Dilbert tells Dogbert, "I'm going to start jogging again." Dilbert wears a sweatshirt and sweatpants. He leans down to tie his sneakers and thinks, "Why does everybody tie their laces in the same type of knot?" Dilbert thinks, "From an engineering perspective, there are planety of good alternatives to the standard knot." Dilbert thinks, "This is how innovation begins; one man who refuses to accept the conventional wisdom." Dilbert says, "Ha ha! I'll invent my own knot! A rebellious, audacious knot!" Dilbert pulls the shoelaces and shouts, "Like this and this and this! Ha ha ha!!" Dogbert enters the bedroom and sees Dilbert lying on the floor with his laces wrapped around his body. Dogbert says, "Many people wonder why there haven't been more engineers in the Olympics." Dilbert says, "Call the Boy Scouts."
Dogbert stands in front of a display case in a jewelry store. The salesclerk asks, "Are you interested in our diamond jewelry?" Dogbert says, "Let me see if I understand the concept here . . ." Dogbert says, ". . . I would give you thousands of dollars, and in return . . ." Dogbert continues, ". . . You would give me a pebble you found on the ground." The salesman says, "These are no ordinary pebbles. Diamonds are very rare." Dogbert replies, "Rare? That's only because you made a marketing decision to restrict the supply." The clerk scoops some diamonds into a sack and says, "Okay, okay, you figured us out. I'll give you a free bag of diamonds if you'll go away and keep quiet." Dogbert walks on the sidewalk carrying a bag. He says, "Great . . . Now I'm a party to this ugly little secret."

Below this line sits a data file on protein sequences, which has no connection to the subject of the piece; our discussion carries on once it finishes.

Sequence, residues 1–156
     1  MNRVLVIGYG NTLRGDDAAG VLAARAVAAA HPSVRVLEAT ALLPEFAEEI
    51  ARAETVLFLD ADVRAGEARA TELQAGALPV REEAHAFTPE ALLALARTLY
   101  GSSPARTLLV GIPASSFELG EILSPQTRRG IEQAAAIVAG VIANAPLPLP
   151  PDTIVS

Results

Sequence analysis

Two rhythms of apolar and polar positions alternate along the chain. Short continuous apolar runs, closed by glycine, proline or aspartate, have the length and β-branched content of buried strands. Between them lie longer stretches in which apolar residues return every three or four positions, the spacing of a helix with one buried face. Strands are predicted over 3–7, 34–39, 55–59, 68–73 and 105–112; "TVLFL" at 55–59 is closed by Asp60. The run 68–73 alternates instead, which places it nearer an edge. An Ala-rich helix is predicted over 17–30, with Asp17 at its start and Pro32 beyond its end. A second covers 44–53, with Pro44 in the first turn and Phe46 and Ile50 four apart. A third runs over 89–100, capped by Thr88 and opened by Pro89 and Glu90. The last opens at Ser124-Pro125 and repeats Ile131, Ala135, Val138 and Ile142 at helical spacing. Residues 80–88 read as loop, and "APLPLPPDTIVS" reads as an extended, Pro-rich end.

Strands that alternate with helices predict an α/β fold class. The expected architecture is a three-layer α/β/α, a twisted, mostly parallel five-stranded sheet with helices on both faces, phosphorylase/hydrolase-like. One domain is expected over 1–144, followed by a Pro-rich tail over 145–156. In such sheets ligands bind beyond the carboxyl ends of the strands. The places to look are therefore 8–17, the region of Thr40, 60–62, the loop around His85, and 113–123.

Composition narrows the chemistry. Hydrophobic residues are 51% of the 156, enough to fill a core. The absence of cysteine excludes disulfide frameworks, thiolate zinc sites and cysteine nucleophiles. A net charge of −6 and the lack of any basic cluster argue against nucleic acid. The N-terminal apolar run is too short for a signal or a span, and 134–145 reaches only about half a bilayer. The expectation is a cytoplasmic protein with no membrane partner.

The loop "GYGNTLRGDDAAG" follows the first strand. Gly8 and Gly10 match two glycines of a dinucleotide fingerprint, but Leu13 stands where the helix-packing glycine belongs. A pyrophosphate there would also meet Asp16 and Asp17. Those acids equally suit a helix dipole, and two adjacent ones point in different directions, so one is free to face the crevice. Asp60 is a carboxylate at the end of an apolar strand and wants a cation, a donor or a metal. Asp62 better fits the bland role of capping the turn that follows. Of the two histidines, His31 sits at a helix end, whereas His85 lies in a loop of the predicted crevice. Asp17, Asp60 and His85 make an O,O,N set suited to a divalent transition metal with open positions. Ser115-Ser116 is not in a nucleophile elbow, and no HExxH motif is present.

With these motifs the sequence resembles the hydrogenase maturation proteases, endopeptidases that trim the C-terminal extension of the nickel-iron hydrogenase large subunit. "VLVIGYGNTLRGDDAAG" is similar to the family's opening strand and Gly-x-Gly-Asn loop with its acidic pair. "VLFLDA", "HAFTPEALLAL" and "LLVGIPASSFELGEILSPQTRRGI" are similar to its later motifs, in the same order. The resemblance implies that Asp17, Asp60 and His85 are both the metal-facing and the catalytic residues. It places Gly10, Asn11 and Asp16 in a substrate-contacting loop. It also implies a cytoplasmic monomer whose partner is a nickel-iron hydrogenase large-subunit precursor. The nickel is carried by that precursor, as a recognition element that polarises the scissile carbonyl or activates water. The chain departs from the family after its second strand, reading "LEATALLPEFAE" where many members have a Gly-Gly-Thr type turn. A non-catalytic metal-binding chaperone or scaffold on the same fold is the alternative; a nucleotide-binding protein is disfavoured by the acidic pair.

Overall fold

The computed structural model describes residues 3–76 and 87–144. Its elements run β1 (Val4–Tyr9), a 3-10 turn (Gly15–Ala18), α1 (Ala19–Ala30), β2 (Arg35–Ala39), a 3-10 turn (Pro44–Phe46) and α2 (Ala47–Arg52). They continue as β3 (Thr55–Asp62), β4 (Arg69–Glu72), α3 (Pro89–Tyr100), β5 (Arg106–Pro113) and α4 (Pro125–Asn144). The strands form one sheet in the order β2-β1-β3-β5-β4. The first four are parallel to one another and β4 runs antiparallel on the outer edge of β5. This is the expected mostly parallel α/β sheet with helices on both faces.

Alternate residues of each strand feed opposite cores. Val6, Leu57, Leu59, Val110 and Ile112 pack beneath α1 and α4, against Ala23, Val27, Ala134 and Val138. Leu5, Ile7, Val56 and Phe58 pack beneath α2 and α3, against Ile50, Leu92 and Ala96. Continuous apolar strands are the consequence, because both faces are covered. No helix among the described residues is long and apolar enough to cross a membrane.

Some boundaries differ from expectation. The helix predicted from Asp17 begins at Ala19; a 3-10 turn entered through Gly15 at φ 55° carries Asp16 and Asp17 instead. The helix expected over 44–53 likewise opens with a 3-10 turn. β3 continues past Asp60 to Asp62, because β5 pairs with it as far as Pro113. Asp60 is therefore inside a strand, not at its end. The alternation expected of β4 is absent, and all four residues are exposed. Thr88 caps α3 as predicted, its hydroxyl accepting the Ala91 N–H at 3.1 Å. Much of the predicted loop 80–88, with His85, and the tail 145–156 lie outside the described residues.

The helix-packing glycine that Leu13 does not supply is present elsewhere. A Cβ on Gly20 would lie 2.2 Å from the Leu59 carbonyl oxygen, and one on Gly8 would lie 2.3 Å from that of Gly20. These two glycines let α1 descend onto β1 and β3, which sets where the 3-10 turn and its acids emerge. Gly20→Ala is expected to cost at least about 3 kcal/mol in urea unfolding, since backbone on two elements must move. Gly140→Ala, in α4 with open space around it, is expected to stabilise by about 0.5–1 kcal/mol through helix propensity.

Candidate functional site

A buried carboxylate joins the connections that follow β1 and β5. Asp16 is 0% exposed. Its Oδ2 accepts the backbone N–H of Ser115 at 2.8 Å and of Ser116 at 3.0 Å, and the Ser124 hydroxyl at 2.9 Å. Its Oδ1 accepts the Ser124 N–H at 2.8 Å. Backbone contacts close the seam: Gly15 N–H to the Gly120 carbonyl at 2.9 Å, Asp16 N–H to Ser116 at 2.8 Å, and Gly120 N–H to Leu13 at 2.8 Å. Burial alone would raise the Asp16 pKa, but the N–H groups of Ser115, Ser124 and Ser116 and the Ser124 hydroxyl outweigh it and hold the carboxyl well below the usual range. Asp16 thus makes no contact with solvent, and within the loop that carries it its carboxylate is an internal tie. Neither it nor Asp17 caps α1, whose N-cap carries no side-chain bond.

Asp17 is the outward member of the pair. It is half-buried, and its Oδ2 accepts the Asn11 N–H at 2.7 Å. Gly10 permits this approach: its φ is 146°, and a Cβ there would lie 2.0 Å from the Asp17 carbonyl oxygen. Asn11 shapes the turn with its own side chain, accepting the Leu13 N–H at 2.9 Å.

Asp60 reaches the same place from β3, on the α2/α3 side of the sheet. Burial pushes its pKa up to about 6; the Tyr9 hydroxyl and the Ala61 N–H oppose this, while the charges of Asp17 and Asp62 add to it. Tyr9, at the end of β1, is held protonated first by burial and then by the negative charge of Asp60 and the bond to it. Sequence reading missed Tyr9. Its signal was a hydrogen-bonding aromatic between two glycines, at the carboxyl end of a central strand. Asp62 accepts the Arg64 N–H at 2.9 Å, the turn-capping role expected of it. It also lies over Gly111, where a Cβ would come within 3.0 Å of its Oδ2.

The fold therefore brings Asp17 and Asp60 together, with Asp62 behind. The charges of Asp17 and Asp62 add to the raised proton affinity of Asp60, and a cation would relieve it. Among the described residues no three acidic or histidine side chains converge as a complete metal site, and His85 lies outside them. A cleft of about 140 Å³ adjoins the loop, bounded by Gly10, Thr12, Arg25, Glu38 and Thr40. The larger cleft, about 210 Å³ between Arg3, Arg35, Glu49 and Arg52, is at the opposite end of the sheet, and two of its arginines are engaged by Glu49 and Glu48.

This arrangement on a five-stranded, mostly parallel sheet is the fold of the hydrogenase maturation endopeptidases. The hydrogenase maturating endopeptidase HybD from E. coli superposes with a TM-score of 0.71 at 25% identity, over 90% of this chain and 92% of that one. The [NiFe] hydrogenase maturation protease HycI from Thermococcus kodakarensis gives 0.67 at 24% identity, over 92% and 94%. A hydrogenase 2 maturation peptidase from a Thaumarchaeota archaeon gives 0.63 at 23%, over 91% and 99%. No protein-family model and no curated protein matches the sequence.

Dogbert and Dilbert walk through the park. Dilbert says, "Hey, that's Miss Mulput, my old fourth grade teacher." Dilbert says, "Hi, Miss Mulput! Do you remember me - Dilbert?" Miss Mulput replies, "No." Dilbert says, "You used to make me write on the board a thousand times 'I will not be homely in class.'" Miss Mulput replies, "Oh, yeah. That was a good one." Dilbert says, "At the time it seemed like pretty strict punishment for chewing gum." Dilbert continues, "But that experience made me what I am today . . ." Dilbert continues, "An angry adult, obsessed with thoughts of revenge." Dilbert says, "You know, Miss 'Molepit,' if my dog had your face I'd shave his hiney and make him walk backward." Dogbert says, "Leave me out of this."